Belletrista - A site promoting translated women authored literature from around the world
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Roma Tearne: Weaving the Political and the Personal. Joyce Nickel gives us an in-depth look at the Sri Lankan author and her work.

Julie Wakeman-Linn: Kathleen Ambrogi reviews her novel Chasing the Leopard Finding the Lion, and talks with the author.

Sefi Atta's bold new novel is about more than African identity. . . Read chapter one of A Bit of Difference.

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Reviews
Click on 'Reviews' to see the full list of this issue's reviews...
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DROWNED
Therese Bohman
Translated from the Swedish by Marlaine Delargy

It's high summer, and student Marina decides to take refuge from her lacklustre university studies and her dead-end relationship at her sister Stella's home in the Swedish countryside.
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Reviewed by Rachel Hayes
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DAUGHTER OF SILENCE
Manuela Fingueret
Translated from the Spanish by Darrell B. Lockhart

A caste of murderers. The Nazis gassed, starved, humiliated. Here they insult, torture, rape. Caste of murderers….Am I here or there?
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Reviewed by Andy Barnes
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NEW ISLANDS AND OTHER STORIES
María Luisa Bombal
Translated from the Spanish by Richard and Lucia Cunningham

There is consensus that María Luisa Bombal is amongst the Latin American literary stars. Says Jorge Luis Borges in the preface to this slim volume of short stories: "…In Santiago, Chile, Buenos Aires, in Caracas or Lima, when they name the best names, María Luisa Bombal is never missing from the list."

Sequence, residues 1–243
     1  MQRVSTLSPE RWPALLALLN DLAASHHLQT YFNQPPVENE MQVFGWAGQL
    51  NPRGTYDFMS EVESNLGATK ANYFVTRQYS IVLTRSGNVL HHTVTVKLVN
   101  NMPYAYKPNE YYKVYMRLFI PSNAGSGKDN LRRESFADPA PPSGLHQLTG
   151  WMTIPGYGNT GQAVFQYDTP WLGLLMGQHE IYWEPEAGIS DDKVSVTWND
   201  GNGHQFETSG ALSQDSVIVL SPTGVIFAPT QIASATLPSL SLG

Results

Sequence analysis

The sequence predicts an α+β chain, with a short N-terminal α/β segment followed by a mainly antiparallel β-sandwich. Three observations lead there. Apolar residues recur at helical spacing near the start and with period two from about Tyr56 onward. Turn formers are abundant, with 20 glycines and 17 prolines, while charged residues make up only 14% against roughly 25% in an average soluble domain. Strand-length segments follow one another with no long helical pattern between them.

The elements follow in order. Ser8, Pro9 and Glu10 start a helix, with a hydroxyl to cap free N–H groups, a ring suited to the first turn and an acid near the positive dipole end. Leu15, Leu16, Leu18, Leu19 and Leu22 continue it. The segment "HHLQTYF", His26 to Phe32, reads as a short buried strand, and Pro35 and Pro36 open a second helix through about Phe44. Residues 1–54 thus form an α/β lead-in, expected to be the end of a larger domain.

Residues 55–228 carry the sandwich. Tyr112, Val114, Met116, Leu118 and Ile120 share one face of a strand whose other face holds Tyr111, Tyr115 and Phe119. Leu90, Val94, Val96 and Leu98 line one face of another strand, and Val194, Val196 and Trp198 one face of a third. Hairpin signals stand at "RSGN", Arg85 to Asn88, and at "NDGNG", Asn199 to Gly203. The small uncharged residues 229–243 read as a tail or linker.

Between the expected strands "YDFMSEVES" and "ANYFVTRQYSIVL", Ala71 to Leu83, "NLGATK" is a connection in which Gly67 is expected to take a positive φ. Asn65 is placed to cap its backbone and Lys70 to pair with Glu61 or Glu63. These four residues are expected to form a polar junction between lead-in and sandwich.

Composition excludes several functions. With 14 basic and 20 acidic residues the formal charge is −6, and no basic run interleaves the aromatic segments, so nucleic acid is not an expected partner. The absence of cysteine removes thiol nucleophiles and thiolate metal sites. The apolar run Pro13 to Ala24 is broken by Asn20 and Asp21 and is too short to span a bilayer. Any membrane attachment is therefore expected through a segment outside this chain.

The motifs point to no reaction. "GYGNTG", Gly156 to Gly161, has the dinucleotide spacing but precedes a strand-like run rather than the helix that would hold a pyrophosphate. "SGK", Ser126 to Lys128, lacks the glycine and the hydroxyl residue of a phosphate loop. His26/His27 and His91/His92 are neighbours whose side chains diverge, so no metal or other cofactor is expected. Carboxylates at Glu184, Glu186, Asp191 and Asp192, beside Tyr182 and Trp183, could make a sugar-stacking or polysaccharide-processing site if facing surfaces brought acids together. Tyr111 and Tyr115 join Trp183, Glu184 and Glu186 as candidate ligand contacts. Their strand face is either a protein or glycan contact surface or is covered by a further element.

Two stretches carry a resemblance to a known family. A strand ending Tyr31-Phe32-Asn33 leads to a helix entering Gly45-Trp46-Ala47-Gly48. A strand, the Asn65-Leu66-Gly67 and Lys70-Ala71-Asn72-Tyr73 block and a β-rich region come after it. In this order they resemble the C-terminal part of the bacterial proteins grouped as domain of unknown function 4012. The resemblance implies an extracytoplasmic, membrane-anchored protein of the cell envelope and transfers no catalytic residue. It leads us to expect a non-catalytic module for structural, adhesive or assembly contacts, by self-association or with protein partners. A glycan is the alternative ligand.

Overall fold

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Reviewed by Akeela Gaibie-Dawood
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THE FORRESTS
Emily Perkins

Frank and Lee move their family of four children from New York to Auckland. Frank is an unrecognized artist from a background of wealth and entitlement, but in New Zealand the family is barely surviving.
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Reviewed by Judy Lim
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THE SOMETIMES LAKE
Sandy Bonny

The stories in The Sometimes Lake reflect Sandy Bonny's passion for science. Whether the character is a teacher working with disadvantaged indigenous children in Canada's far north…
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Reviewed by Joyce Nickel
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PEDRA CANGA
Tereza Albues
Translated from the Portuguese by Clifford E. Landers

Pedra Canga, the eponymous fictional village, lies in a remote part of Brazil. It is dominated by the Mangueiral, a stone estate separated from the village by walls topped with barbed wire and broken glass on three sides, and the Saranzal River full of snakes and alligators on the fourth.
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Reviewed by Jean Hughes Raber


Angélica Gorodischer Book Cover
The noted and versatile Argentinian author has a newly translated novel forthcoming in February. Read an excerpt of Trafalgar.
Uzma Aslam Khan Book Cover
A tribute to the nomadic peoples in the mountains of Pakistan and its border neighbors, Uzma's new novel Thinner Than Skin is also a love story. Read an excerpt.
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